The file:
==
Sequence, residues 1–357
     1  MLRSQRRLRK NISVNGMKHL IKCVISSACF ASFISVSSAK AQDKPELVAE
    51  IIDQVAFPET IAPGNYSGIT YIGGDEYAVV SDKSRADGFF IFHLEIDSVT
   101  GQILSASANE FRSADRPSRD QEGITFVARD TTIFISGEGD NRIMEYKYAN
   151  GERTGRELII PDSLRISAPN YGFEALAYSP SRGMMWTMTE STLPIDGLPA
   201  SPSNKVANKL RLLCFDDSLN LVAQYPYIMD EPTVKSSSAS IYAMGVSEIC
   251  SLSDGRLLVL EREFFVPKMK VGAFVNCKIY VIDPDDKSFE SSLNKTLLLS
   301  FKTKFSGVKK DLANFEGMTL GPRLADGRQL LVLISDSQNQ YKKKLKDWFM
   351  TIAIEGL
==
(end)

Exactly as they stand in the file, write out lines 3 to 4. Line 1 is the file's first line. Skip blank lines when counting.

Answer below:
    51  IIDQVAFPET IAPGNYSGIT YIGGDEYAVV SDKSRADGFF IFHLEIDSVT
   101  GQILSASANE FRSADRPSRD QEGITFVARD TTIFISGEGD NRIMEYKYAN